THE Easter holiday is a major highlight on every year’s calendar, with millions of Christians all over the world observing it.
Over the years many churches have been seen to plan their major conferences and special services round about this time.
It is a time when church activity is at its hyper; baptisms, confirmations, soul winning crusades, all night prayers, the Cross/Jesus plays and musical concerts.
In essence, is this Christian holiday a Biblical phenomena or it rather bears its origins in paganism? Is it true that contrary to popular belief, Easter does not represent the crucifixion and resurrection of Jesus Christ?
What is Easter?
According to Christian tradition, it is a four-day holiday to remember and celebrate Jesus Christ’s death and resurrection.
Perhaps if this was all there was to this Christian holiday, it would be an unquestionable noble holiday indeed. There would be nothing questionable about Christians celebrating the finished work at Calvary; the Bible encourages believers to do just that!
However, the story does not quite end there. Let’s take a close look at why there is the on -going controversy about the holiday being of pagan origin. According to the Venerable Bede (673-735), an English monk who wrote the first “History of Christianity in England”, the term “Easter” was derived from the name of an Ancient Germanic Pagan Goddess “Eostre”.
The month of April was known as “Eosturmonath”, a name which is now translated “Paschal month”. It was called after the goddess Eostre, in whose honour feasts were celebrated in that month. Eostre was the Great Mother Goddess of the Saxon people in Northern Europe. Similar goddesses in ancient cultures around the Mediterranean included; Ashtoreth from Ancient Israel, Astarte from Ancient Greece and Ishtar from Assyria. Now if Easter was named after a pagan goddess, does the name make the entire celebration pagan?
It appears there is more to the paganism associated with Easter than just its name. The date of Easter is not fixed, but instead governed by the phases of the moon – how pagan is that?
Further assertions seem to point to the fact that all the fun things about Easter are pagan.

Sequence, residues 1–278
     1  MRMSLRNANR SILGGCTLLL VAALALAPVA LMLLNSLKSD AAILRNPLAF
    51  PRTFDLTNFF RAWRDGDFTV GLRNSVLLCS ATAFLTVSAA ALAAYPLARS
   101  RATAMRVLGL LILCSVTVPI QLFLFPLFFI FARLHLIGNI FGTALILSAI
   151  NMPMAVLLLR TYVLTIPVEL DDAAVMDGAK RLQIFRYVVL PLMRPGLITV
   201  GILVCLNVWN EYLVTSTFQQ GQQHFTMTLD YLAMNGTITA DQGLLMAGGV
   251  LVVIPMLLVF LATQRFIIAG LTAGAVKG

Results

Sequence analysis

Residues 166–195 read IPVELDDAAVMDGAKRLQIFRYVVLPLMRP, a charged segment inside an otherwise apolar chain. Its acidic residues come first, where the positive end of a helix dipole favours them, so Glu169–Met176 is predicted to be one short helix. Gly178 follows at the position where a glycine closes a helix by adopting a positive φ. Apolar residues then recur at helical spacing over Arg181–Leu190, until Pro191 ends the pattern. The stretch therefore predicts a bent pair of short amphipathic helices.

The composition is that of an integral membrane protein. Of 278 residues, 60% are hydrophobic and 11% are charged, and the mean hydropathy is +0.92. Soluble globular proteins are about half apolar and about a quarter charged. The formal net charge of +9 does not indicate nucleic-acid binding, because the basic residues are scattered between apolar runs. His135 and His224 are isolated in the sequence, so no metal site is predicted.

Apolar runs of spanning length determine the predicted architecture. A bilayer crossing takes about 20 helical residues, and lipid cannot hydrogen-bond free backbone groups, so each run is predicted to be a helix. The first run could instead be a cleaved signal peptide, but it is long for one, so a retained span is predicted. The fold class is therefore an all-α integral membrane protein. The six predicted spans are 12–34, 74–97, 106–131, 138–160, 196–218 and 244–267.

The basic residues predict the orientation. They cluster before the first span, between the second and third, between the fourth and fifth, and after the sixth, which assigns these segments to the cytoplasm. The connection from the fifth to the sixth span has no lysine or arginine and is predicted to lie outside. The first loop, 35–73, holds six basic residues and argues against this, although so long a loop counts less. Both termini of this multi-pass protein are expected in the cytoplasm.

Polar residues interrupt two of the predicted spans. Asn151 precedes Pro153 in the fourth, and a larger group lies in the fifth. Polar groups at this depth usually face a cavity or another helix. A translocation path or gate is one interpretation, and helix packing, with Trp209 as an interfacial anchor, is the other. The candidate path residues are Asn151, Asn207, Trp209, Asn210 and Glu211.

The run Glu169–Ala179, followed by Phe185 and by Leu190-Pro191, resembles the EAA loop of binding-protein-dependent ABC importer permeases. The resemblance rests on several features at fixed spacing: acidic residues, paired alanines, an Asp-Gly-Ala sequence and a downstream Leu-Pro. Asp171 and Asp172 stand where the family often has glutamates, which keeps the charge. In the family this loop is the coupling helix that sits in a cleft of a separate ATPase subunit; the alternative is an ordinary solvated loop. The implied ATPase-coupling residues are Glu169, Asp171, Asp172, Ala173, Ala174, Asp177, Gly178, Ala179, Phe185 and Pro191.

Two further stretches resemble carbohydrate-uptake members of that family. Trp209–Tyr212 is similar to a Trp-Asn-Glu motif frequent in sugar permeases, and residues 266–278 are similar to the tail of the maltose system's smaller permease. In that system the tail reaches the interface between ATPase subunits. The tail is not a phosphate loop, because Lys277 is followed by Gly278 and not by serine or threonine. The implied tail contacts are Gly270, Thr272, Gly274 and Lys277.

The bunnies are a leftover from the pagan Festival of Eostre, whose symbol was a rabbit/hare. The exchange of eggs is an ancient custom, celebrated by many cultures. Hot cross buns are very ancient too. In the Old Testament we see the Israelites baking sweet buns for an idol, and religious leaders trying to put a stop to it.
The early church also tried to put a stop to sacred cakes baked on Easter. One might perhaps wonder if the Easter bunnies, eggs, fluffy chicks and simnel cakes are of any meaningful benefit to the Christian faith.
In essence the bulk of Easter products bear their origins in pagan feasts; Easter cards and gifts have no Christian consecration.
We definitely do not see any celebrations of Easter in the New Testament; but many churches today offer what they call “sunrise services” which are equivalent to a pagan solar celebration.
Most of the practices done at Easter by some churches are more a result of liturgical creativity than a Biblical instruction. One may therefore ask; if there are no scriptures pointing Christians to designing a holiday called Easter, how did Christians decide to coin this holiday?
Jesus Christ’s death and resurrection are of central significance to the Christian faith, thus with the inclusion of these major elements in this originally pagan holiday the entire festival became of critical significance to millions of Christians around the world.
Should Christians celebrate Easter?
This is perhaps one question that the church may not immediately answer with one voice. Already some churches neither acknowledge nor observe the Easter holiday. They rather celebrate the Passover, which they have substantial Biblical references to support.
The Passover (“Pascha” in Greek and “Pesach” in Hebrew) is the name of the yearly feast of Israel to commemorate their deliverance from the Angel of Death in Egypt (Exodus 12:11-14).
These churches openly frown at Easter.
Moreover most historians, including Biblical scholars, agree that although Easter is honoured by many contemporary Christians, it was originally a pagan festival.
Meanwhile, millions of Christians all over the world celebrate the Easter holiday. Some people have introduced their own themes for the holiday, with many families doing their traditional rituals at this time.
These include kurova makuva, memorial services, unveiling of tombstones, lobola payment and weddings.
There is also the domineering spirit of over-indulgence as experienced at Christmas, with people drinking their lives away and giving themselves to all forms of lustful desires!
Thus despite the assumed Christianisation of the Christmas and Easter holidays, the spirit of over indulgencies and drunkenness which was the norm with the pagan rituals seem to have lingered on. Sadly, the world realises major bloodshed with the rise in road carnage, as many people die in road accidents travelling during this holiday.
Some Christians ignore all pagan connotations about Easter and continue to bite the head off the bunny goddess, the pagan simnel cake, go for the sunrise service, get fluffy legged chicks and all the other pagan novelty Easter products.
It has also become a common sight to see some Church leaders cleansing and anointing these products for their members. The Bible gives enough encouragement for believers to celebrate the death and resurrection of Jesus Christ, and with the consciousness induced by Easter holiday; many continue to see a grand opportunity to celebrate Christ at Easter.
As Easter approaches, perhaps it’s time to take a walk back into our Christian Faith, and revisit our presuppositions and beliefs about the entire Easter celebrations!
Pr Nyarambi is the founder of Faith Christian Media Centre.